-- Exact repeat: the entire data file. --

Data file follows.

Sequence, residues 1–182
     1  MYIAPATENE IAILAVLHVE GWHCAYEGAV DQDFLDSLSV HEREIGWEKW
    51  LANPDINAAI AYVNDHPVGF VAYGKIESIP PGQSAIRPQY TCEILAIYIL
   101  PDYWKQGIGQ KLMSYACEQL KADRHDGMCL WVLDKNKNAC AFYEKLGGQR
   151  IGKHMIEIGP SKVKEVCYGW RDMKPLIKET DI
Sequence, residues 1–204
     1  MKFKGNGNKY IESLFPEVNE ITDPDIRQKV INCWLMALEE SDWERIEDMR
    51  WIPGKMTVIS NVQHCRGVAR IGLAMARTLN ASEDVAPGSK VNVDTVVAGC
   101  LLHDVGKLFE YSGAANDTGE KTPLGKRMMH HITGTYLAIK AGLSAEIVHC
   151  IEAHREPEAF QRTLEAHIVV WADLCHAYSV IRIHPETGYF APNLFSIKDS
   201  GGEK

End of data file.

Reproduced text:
Sequence, residues 1–182
     1  MYIAPATENE IAILAVLHVE GWHCAYEGAV DQDFLDSLSV HEREIGWEKW
    51  LANPDINAAI AYVNDHPVGF VAYGKIESIP PGQSAIRPQY TCEILAIYIL
   101  PDYWKQGIGQ KLMSYACEQL KADRHDGMCL WVLDKNKNAC AFYEKLGGQR
   151  IGKHMIEIGP SKVKEVCYGW RDMKPLIKET DI
Sequence, residues 1–204
     1  MKFKGNGNKY IESLFPEVNE ITDPDIRQKV INCWLMALEE SDWERIEDMR
    51  WIPGKMTVIS NVQHCRGVAR IGLAMARTLN ASEDVAPGSK VNVDTVVAGC
   101  LLHDVGKLFE YSGAANDTGE KTPLGKRMMH HITGTYLAIK AGLSAEIVHC
   151  IEAHREPEAF QRTLEAHIVV WADLCHAYSV IRIHPETGYF APNLFSIKDS
   201  GGEK